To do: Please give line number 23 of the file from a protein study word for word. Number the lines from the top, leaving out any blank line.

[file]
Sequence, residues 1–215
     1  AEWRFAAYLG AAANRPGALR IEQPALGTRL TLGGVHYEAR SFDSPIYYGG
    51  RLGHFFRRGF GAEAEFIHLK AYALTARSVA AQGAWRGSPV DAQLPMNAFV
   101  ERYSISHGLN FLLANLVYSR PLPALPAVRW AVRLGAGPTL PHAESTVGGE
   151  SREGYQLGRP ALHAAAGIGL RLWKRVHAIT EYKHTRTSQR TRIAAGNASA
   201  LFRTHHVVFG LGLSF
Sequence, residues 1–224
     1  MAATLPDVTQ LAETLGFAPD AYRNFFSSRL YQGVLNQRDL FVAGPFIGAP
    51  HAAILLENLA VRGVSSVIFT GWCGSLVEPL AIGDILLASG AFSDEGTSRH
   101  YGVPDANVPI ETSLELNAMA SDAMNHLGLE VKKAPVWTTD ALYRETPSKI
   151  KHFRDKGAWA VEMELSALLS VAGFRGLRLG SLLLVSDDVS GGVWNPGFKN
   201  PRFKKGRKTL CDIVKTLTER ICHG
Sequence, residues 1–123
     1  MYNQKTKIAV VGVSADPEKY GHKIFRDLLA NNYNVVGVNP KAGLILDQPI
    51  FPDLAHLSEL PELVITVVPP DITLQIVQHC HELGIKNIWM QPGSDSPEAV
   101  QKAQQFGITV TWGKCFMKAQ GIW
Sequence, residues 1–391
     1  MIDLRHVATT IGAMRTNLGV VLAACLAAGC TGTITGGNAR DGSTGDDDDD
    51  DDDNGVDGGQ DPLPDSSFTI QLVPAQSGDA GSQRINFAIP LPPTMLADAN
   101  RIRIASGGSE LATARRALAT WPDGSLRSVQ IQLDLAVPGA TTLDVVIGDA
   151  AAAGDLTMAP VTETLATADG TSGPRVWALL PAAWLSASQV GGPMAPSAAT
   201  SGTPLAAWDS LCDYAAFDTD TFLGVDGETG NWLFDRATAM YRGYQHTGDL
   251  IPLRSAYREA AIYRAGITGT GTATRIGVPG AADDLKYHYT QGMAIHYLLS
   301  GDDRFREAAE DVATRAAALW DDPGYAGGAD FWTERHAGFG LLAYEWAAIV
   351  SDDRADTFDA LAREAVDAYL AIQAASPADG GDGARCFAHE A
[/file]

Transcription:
   251  IPLRSAYREA AIYRAGITGT GTATRIGVPG AADDLKYHYT QGMAIHYLLS